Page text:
Make Your Own Kinds of TV!

The idea that genres are interrelated and reinterpreted in HBO shows such as The Wire has long been an impression of such ‘quality TV’ in my mind. As I mentioned in the previous post on Game of Thrones, some criticism of the show comes from a highly pre-asserted prejudice towards the ‘low’ fantasy genre. However, Game of Thrones discusses, and deconstructs the kingdoms and its unique characters. The Wire differentiates itself from a single genre of police procedural drama although by the look of it they appear the same. I sometimes wonder what contributes to the low rating of the show. I imagine in one scenario, a genre-loyal TV audience can be soon turned off by the complex character setup that back then couldn’t be supplied by Wikipedia. TV was inherently a casual gathering, and the drama, or in this case, crime and mystery could not rely on the whole season or series to unfold.


In his essay outlining such difference ‘quality TV’ makes, Jason Mittell claims that shows with ‘narrative complexity’ creates a new model of TV storytelling against the genre-inclusive convention setup of TV drama, which is characterised by the conventional construction of episodes and series. Such narrational excellence is unique to television, and thus differentiates from feature films or novel even if shows some influences from these mediums. Although Mittell ‘admits’ that complex narratives in TV could offer a deeper and diverse pleasure than conventional TV, it doesn’t necessarily generate value or superiority.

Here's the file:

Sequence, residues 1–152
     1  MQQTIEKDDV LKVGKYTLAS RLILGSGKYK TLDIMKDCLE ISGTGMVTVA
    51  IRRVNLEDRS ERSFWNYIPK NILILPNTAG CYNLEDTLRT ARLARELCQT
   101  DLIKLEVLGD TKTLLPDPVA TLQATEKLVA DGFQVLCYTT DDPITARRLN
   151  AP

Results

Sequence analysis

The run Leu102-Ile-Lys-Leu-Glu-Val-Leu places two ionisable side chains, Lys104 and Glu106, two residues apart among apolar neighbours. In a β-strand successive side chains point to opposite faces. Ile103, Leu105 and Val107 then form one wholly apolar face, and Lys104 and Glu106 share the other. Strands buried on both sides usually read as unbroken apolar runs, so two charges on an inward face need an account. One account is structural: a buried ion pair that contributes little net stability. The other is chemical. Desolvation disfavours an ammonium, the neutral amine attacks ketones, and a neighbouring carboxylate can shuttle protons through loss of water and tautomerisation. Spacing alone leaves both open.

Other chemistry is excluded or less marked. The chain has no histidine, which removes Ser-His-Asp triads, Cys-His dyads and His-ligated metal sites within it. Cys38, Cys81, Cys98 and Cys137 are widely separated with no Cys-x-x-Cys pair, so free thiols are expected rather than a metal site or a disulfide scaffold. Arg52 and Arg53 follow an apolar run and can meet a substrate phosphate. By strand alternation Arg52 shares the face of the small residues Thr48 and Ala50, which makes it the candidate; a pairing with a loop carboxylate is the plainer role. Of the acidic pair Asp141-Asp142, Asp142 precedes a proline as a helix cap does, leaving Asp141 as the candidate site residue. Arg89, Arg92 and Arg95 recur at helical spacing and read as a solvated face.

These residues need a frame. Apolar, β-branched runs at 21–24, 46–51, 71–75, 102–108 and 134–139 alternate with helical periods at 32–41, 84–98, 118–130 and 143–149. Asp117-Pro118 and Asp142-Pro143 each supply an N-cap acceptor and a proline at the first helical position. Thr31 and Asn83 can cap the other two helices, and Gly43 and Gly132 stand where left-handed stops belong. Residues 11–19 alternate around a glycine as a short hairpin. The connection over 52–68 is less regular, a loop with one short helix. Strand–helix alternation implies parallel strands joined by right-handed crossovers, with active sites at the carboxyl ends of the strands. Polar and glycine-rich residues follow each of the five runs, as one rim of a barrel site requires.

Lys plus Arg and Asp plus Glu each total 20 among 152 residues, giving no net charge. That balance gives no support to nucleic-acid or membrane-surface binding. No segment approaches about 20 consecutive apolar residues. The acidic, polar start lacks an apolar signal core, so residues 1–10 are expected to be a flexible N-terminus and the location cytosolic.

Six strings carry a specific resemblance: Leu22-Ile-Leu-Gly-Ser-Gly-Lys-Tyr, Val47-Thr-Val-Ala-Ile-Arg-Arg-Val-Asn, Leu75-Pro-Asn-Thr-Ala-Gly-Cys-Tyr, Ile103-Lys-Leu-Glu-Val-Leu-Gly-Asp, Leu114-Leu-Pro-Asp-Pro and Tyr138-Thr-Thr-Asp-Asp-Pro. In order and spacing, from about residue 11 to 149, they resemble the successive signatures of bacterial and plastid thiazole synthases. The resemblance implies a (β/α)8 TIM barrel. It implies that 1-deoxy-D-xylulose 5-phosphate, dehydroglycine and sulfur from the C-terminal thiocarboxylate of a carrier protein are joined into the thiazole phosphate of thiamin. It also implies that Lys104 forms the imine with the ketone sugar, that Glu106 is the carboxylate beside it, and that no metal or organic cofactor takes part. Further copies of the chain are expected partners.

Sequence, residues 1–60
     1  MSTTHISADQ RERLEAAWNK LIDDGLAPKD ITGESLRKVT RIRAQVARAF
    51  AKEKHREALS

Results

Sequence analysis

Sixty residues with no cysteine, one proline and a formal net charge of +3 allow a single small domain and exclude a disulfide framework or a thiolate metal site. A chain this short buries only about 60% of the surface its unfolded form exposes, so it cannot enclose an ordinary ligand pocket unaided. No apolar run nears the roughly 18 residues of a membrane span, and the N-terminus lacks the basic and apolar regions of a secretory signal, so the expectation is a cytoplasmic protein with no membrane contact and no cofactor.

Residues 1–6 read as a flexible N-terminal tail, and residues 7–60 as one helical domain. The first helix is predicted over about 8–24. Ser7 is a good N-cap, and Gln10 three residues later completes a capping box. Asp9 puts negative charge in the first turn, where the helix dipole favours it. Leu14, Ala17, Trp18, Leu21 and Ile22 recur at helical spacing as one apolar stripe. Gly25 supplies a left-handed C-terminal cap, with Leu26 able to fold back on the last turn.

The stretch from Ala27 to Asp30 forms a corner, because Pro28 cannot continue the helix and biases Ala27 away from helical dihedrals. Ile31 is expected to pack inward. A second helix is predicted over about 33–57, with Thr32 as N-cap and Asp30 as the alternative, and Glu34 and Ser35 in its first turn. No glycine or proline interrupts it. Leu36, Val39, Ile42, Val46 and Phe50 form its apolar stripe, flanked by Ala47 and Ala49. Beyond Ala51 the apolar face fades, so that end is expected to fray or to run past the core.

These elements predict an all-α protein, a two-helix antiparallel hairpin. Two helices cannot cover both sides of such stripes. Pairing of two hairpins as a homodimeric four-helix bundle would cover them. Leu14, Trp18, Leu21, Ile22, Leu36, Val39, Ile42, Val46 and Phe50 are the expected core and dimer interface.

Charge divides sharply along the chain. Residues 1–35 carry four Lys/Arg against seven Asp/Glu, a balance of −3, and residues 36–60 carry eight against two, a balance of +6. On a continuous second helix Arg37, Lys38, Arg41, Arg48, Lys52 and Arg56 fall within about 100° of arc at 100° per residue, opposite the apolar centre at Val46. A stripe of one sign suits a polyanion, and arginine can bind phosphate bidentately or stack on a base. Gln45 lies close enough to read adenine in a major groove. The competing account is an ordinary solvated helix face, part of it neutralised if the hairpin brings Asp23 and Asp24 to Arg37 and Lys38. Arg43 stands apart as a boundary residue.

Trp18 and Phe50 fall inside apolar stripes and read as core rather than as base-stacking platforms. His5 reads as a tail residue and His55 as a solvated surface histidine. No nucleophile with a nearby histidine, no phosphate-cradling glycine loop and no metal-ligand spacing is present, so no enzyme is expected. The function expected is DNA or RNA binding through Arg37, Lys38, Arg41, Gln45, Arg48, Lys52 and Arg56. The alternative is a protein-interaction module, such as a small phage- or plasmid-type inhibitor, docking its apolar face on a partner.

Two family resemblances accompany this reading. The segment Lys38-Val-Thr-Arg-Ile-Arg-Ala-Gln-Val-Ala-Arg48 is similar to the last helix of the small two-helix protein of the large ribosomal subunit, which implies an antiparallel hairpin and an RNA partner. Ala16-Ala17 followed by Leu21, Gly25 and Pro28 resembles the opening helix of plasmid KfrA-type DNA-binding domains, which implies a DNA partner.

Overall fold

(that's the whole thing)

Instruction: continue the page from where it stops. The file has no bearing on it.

Mittell looks at several aspects that build up the context in 1990s for narrative complexity to grow in television. He looks at how the audience evaluates a program by its creators – with many narratively complex drama coming from film writers whose storytelling is highly dynamic yet ‘controlled’. However along with the long form of television series comes the creative challenge and opportunity to build up character depth and even to construct a new world view.


The second reason for the rise of narrative complexity also comes from the audience, as networks discover highly consistent cult status for successful TV shows deliver sufficient revenue results even if the show does not appeal to the ultimate mass. Narrative complexity usually occurs in very specific environments, however goes further to explore the attributes and personas rather than superficial drama – something that drives the ‘sophisticated”authentic’ feel of a show like The Wire compared to Law & Order.


The third force of acceleration for narrative complexity comes from technology. One reason that the audience can develop a highly consistent relationship with a series comes from platforms such as DVD box set and VCR – technologies that unlock television dramas from the limits of airing times. In one way the audience is easier to engage since they no longer need to schedule their lives with TV shows in mind. In another way it also hands over choice to the audience – something that contributes to the cult-following status of certain shows and call for narrative complexity to effectively enhance the depth of such cults. Importantly, Mittell points out that due to these technological advances, TV shows are less reliant on drama within one episode. The internet also puts the creator and consumer together in the same realm.